3. Balance. Terance Mann wound up with 18 points to lead all scorers, but no one else on his team scored in double figures. However, six other Florida State players scored at least six points each. The team combined for nine blocks, led by freshman Mfiondu Kabengele; but six other guys chipped in to reach that number. Likewise, six Seminoles combined to swipe nine steals. Long story short, this team is built around the idea of every player on the team picking up for every other player and every guy having everyone else’s back. It worked tonight.

Star of the Game.  Terance Mann. After suffering a groin injury in the Seminoles’ first round win over Missouri, the junior wasn’t expected to play in the round of 32 against Xavier. He toughed it out for 24 minutes of less effective play than normal. But tonight, that injury appeared to be a thing of the past, as evidenced by four dunks on the night and non-stop energetic play. After a quiet first half with just six points on five attempts, the upperclassman picked up the pace in the second half, pouring in 12 on eight attempts, including four dunks on the night.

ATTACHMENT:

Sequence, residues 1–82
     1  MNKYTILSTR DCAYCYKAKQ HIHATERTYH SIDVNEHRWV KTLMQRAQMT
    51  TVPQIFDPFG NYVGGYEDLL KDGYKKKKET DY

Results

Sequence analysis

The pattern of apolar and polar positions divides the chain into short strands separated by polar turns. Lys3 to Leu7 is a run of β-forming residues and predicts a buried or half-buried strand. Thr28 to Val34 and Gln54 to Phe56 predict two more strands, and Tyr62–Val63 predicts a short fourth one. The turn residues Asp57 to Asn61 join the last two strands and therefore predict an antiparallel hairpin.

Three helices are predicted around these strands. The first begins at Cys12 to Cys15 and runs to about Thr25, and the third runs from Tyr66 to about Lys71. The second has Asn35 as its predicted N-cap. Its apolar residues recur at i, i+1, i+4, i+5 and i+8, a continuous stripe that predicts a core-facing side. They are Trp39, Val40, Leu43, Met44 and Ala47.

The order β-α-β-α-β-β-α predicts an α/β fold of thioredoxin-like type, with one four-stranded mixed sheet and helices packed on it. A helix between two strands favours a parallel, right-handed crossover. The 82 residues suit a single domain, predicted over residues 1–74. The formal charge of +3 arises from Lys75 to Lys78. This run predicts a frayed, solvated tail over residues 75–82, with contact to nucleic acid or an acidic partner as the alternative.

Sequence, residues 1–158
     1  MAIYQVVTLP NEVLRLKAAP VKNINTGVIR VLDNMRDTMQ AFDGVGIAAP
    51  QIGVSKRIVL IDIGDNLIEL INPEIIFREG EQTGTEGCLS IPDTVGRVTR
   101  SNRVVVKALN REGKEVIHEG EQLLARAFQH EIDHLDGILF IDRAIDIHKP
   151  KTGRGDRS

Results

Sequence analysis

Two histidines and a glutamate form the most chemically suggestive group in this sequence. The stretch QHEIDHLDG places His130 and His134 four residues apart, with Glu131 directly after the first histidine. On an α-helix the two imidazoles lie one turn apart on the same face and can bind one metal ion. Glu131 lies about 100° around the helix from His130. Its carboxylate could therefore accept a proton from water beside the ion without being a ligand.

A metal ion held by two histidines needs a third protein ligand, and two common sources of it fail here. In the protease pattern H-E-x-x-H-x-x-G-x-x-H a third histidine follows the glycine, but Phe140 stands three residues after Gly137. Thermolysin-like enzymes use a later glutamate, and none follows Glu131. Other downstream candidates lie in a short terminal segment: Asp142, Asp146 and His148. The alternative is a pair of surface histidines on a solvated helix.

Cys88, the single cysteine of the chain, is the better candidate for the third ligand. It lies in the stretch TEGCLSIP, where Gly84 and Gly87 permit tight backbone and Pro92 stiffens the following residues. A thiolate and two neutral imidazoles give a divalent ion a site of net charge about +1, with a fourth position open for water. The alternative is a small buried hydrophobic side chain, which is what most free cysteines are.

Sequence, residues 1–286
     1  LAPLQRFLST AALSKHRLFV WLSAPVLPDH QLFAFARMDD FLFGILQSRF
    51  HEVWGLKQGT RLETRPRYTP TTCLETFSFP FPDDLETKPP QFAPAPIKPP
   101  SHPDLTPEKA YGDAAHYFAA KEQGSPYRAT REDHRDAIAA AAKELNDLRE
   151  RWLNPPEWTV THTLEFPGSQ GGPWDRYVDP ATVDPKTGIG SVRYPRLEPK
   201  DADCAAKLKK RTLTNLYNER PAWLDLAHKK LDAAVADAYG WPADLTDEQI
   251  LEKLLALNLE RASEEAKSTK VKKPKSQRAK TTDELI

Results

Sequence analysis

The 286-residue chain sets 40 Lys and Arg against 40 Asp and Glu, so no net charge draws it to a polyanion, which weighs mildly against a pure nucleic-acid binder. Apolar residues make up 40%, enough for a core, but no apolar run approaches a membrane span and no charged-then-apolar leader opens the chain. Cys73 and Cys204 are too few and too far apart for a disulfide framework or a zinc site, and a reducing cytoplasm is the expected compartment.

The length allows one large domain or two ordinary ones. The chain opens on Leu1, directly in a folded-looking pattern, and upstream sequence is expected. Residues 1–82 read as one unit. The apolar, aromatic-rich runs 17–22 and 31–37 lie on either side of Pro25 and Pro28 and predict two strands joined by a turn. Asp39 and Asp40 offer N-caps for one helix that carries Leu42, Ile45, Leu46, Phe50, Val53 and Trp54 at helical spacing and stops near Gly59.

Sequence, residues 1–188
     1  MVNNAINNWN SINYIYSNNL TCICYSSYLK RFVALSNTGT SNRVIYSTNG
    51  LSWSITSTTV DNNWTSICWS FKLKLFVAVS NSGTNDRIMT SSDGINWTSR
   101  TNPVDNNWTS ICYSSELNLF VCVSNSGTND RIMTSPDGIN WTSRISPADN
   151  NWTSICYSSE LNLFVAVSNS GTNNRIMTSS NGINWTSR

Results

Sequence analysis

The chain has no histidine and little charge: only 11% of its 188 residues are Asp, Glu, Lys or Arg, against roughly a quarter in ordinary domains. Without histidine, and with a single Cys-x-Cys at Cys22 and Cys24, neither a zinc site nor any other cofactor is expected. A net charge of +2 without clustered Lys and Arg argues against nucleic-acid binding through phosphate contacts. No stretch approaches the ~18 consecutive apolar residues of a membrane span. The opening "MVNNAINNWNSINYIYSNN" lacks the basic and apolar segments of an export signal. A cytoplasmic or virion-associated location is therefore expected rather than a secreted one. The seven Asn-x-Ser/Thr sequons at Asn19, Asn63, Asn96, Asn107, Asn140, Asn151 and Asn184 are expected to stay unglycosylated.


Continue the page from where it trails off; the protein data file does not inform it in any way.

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NCAA Regional Reset: South Region

Posted by Tommy Lemoine on March 20th, 2018

Rush the Court is providing comprehensive coverage of the NCAA Tournament from start to finish over the next three weeks. Today and tomorrow we reset each of the four regions.